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Tuskegee Airmen return to war zone

BALAD AIR BASE, Iraq (AFPN) -- The Tuskegee Airmen know about war. They battled the Nazis abroad and racism at home. Now they've made their way back to the front lines to show their support for Airmen fighting the war on terror.

Five members arrived here Oct. 25 to interacting with military members, sharing their stories and offering words of encouragement.

"We're here to lend support to the troops," said retired Tuskegee pilot Lt. Col. Bob Ashby. "It's a rare opportunity for us to show them that their hometown, their home state supports them -- and that their fellow Tuskegee Airmen wish them well."

Airman 1st Class Charles Hernandez said he's glad the famous Airmen made the visit. They've helped give him a better understanding of his mission.

"It gave me a newer perspective on what we're doing here; not just at Balad, but as an Airman in today's air force," said Airman Hernandez an electrical power production troop with the 332nd Expeditionary Civil Engineering Squadron.

"They fought a battle both overseas and one in the states because they were black," the Airman said. "Yet they did what they needed to do for the greatness of our country and our freedom."

Airman Hernandez said, "They reminded me that we're here for a good reason and there are people back home who believe in what we're doing -- and believe in our cause. The Tuskegee Airmen are heroes and patriots and I was honored to sit and eat with them."

The Tuskegee Airmen formed in 1941 when the Army Air Force began a program to train black Americans as military pilots at Tuskegee Institute in Alabama.

"It was an experimental program and we were expected to fail. But our primary objective was to finish the program and prove them wrong," said Colonel Ashby, an original Tuskegee Airman.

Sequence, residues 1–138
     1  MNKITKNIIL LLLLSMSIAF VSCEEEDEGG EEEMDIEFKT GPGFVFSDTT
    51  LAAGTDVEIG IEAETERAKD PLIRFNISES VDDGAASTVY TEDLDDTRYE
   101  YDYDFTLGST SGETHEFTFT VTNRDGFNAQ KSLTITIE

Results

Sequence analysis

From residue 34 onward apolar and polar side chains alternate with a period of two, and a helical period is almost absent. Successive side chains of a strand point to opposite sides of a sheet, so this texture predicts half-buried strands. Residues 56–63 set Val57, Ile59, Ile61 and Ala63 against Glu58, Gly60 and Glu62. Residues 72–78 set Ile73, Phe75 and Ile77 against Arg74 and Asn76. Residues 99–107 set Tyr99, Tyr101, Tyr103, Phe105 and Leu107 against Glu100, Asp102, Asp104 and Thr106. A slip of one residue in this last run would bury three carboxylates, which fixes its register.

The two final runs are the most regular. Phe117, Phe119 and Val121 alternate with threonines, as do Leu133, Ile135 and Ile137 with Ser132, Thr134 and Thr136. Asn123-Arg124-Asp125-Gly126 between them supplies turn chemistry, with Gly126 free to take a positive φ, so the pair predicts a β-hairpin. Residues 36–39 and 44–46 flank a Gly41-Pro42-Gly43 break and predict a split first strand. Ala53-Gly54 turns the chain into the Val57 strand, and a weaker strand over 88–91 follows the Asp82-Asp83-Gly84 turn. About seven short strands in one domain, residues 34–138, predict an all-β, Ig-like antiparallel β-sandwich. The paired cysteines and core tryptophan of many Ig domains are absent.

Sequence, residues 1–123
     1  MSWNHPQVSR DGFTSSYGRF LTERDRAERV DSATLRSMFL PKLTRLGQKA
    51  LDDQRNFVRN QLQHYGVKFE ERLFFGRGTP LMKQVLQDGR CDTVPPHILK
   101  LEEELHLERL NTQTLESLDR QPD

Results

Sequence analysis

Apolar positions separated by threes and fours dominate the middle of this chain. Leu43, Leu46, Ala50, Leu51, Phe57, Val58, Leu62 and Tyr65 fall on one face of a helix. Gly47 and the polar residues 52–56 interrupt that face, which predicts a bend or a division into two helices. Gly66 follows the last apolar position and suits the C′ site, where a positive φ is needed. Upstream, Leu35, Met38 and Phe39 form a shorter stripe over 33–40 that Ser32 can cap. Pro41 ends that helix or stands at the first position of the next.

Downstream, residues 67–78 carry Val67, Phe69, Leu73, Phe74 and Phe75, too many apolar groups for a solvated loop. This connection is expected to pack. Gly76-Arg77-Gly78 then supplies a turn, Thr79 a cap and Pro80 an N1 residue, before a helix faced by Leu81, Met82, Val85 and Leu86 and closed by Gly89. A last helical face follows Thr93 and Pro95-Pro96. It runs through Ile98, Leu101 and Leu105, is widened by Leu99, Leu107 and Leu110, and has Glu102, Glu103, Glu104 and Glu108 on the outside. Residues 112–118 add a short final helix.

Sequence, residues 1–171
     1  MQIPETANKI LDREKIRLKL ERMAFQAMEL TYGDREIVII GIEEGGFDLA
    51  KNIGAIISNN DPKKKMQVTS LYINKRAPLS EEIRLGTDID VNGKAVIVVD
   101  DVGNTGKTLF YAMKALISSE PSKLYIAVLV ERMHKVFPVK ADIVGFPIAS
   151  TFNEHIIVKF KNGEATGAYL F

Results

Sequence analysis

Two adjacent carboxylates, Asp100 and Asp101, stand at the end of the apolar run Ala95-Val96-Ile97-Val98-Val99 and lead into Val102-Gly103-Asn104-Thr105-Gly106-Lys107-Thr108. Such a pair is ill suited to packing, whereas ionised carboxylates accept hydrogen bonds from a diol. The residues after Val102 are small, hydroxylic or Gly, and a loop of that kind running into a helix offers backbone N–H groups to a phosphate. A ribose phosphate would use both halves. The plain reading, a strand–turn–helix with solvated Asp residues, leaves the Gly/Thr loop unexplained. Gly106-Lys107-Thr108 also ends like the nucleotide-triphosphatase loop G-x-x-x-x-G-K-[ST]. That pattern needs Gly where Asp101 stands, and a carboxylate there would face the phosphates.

Lt. Col. Lee Archer, also an original Tuskegee Airman said the men wanted to do more than that.

"All we wanted was to fly for our service," he said. "We wanted to do it for our country."

Colonels Archer and Ashby and many others did just that, and so was born the legacy of the Tuskegee Airmen. It continues to thrive in today's Air Force, especially at the 332nd Air Expeditionary Wing, home of the Tuskegee Airmen's alma mater, the 332nd Expeditionary Operations Group.

"The Tuskegee Airmen paved the way for future generations," said Col. Dick Toliver. He is a second generation Airmen who joined the Air Force and the Tuskegee Airmen after the Korean War. "The legacy is right here, but it doesn't look like the original group. It's a collection of people of color and different nationalities. It's what it's always been, a reflection of America."

Just by being in the military, Airmen are part of the legacy, he said. And they have a responsibility to live up to.

"The challenge is to continue to improve because when you become complacent it opens the door to regress," Colonel Toliver said. "Don't assume racism is dead and the challenges are gone. Racism is about more than color so the challenge is to improve relations and build upon what's already been done."

During their Balad visit, the Tuskegee Airmen will see today's Airmen are following in the footsteps that have been left for them, wing commander Brig. Gen. Frank Gorenc said.

"(The Tuskegee Airmen's) work, their accomplishments, their collective experiences laid the very foundation of our wing," he said. "They should be proud of what they see because the Tuskegee Airmen of today are writing another chapter in the already distinguished history.

"For the Tuskegee Airmen," the general said, "the legacy continues in the air and on the ground."
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